|It may not look young, but it is.|
I bought one of these at my local Asian supermarket over the weekend. It was intriguing, and it was 50 cents cheaper than the standard bowling ball-looking specimen.
|As seen on "The Flintstones."|
Vegans, juicers, and foodies are tittering right now.
|Hipster foodie vegan juicer ROFL.|
But he took a look at my conehead coconut and broke the bad news: The small, brown, three-holed fruit of my dreams was actually ensconced inside the husk I had purchased. Only the very outer shell had been removed. It fell to me to extract the actual coconut from this shrink-wrapped conical spheroid before me.
It's like this, Drunkards:
|I HAD NO IDEA. MY LIFE IS A LIE.|
No wonder they say these bastards kill 150 people a year. These fuckers in their natural state are more than a foot wide and weigh more than three pounds on average. If you're standing beneath a coconut palm tree and one falls on your head, you may sustain a blow equal to 2,000 pounds of force, or roughly 3.2 Chuck Norris roundhouse kicks to the skull.
|Or not. But do you think I'm going to pass up a chance|
to post this picture? Paff.
You literally have to burrow into a coconut to uncover the cute, innocuous fruit we learned to love by watching "Gilligan's Island." And so, determined not to have wasted two dollars because I'm a goddamn single mother, DB and I proceeded to remove the husk of the coconut.
As it turns out, the proper way to decapitate one of these things is to slice horizontally across the cone-part, low enough to remove the pointy-bit AND the coconut crown simultaneously.
|Totally not labeled anywhere.|
Ya know, sometimes you just have to own the fact that you're a sheltered white American omnivore and say, "WTF NOBODY TOLD ME THAT."
DB and I did not follow young coconut protocol. Instead we ruined a couple of my best kitchen knives painstakingly hacking away the thick husk until we finally revealed the small brown coco shell. At which point we had no freaking idea what to do, so we stopped and watched the Dallas Cowboys take down the Philadelphia Eagles in a nailbiter instead.
But a couple of nights later, with Precocious Daughter at her boyfriend's house and me on my own, I became determined to finish the job of discovering my inner coconut.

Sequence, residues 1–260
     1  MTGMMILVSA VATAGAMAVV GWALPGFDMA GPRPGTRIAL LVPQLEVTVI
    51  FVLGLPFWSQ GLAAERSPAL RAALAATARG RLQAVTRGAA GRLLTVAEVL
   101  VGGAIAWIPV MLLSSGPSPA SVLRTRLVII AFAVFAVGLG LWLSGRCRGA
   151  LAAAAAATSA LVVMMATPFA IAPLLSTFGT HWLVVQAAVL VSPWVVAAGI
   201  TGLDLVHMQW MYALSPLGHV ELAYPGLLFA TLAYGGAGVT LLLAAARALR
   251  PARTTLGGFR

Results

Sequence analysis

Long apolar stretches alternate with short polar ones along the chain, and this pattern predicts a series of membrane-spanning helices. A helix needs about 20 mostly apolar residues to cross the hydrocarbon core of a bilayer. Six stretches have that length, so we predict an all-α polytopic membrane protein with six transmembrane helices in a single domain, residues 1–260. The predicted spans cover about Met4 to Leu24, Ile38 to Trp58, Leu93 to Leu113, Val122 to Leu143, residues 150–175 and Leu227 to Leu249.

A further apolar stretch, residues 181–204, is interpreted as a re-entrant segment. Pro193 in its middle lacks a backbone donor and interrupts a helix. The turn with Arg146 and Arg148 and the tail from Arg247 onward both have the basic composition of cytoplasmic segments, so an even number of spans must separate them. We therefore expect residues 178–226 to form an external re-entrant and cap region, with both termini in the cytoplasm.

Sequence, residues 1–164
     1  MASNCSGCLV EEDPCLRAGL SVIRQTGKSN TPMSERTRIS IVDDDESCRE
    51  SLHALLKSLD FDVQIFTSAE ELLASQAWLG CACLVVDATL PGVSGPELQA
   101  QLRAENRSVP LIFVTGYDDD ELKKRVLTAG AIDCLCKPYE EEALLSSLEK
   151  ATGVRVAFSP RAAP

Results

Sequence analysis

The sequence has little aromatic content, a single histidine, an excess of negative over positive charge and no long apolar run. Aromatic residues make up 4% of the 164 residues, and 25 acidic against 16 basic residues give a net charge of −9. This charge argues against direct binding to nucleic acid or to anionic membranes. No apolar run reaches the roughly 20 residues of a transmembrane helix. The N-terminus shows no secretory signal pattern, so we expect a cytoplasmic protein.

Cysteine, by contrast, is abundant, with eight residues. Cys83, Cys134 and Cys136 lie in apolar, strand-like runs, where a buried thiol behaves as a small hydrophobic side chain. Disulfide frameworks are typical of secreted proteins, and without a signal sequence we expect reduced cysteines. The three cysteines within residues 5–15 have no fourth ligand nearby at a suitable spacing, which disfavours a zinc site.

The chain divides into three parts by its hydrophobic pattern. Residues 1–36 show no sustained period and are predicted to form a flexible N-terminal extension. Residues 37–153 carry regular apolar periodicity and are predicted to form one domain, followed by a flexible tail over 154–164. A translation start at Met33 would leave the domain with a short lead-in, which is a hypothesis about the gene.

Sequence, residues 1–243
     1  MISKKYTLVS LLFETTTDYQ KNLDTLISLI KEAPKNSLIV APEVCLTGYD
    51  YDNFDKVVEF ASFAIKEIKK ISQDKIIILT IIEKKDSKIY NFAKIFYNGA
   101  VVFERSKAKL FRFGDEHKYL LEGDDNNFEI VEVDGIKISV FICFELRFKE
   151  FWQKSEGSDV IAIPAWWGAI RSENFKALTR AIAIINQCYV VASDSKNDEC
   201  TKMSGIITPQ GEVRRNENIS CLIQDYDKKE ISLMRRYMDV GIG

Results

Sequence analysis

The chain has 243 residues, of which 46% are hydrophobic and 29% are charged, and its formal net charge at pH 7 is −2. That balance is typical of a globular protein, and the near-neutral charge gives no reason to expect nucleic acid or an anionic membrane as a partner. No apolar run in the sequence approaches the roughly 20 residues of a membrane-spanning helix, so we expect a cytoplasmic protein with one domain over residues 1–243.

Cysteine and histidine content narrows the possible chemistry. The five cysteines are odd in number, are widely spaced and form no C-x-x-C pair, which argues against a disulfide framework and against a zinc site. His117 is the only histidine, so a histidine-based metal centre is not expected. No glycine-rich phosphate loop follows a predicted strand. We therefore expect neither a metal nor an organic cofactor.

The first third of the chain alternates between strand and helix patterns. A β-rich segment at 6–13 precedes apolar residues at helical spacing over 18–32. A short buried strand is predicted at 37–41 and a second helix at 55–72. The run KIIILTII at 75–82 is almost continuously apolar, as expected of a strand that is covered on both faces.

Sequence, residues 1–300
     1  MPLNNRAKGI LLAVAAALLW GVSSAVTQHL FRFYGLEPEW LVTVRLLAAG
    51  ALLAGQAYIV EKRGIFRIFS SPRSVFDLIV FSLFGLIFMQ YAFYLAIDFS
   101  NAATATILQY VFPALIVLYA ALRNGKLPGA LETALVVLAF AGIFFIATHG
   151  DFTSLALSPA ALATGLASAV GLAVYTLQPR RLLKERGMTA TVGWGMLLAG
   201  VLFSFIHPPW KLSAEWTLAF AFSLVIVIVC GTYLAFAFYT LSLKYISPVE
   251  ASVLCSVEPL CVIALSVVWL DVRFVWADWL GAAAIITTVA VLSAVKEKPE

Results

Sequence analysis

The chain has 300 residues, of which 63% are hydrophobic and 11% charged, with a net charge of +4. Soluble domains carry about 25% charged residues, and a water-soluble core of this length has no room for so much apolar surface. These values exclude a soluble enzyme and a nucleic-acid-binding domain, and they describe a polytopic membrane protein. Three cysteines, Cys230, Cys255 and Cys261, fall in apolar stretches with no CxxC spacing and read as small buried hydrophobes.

The three coconut eyes were mostly showing. With my largest flat-head screwdriver, I punched holes in two of them. Just like when I was little and opened the can of Hawaiian Punch by poking a big hole in one side and a little hole in the other. Right?
|You all totally remember when Hawaiian Punch|
came in a big can, right? I'm not old, right?
Anyway, having finally accessed the inner workings of the coconut, I poured out a surprisingly generous quantity of coconut juice. Like, 8-12 ounces, somewhere in there. Way more than I thought one smallish coconut would hold.
Then I looked at the coconut meat inside the shell. This was the biggest surprise of the night.
Typically, when you think of coconut meat, you picture an inch-think slab of fibrous white material, ready to be scooped out and shredded into Mounds bars, correct?
Well, when you're face to face with a young Thai coconut, that's not exactly the case.
The "meat" of a young coconut consists of about one-quarter inch of soft, gelatinous white flesh that spoons away from the shell like scrambled eggs from a non-stick pan.
|Except not as goddamn disgusting. Eggs, eww.|
Anyway, I scooped out the ridiculously squishy and glistening coconut flesh, combined it with the juice I'd drained, and simmered the mixture in a saucepan. My hope was that the too too solid flesh would melt (Shakespeare reference, yo) and create a kind of coconut...ragout? Paste? Delightful goo?
Whatever I thought might happen didn't happen. So I decided to apply my immersion blender in hopes of emulsifying the coconut constituents into a creamy, happy whole. This seemed like a solid plan.
Immersion blender tip: If you decide to pour the contents of, like, a saucepan into the vertical plastic cup that comes with your immersion blender, you should be aware that agitating those contents (i.e., using an up and down motion) can create a bit of a vacuum. Said vacuum can be broken safely and effectively. Or you can do it the way I did it and cause a very messy overflow of the contents onto surrounding surfaces.
In other words, YOUR IMMERSION BLENDER WILL FUCKING SPEW HOT COCONUT SLURRY ALL OVER YOU AND YOUR KITCHEN IF YOU DON'T KNOW WTF YOU'RE DOING.
You guys: Hot coconut juice mixed with half-processed coconut flesh looks and feels remarkably like vomit. Now imagine it all over your countertops and dripping down the front of the stove.
So. I poured the remainder of the semi-adequately mixed coconut milk and flesh into a plastic container and stashed it in the fridge. I will attempt to use it as a base for an amazing soup or stir-fry or smoothie or some goddamn thing.
It may be a disaster.
Or it may turn out awesome. If anybody has any recipe ideas, I'm sooooo open.
Bottom line: There is a straightforward and fairly easy way to process a young Thai coconut. I learned that the hard way. But I still totally recommend you get one, using my experience to not screw yours up.
If you can avoid hot coconut vomit, you're probably doing it right.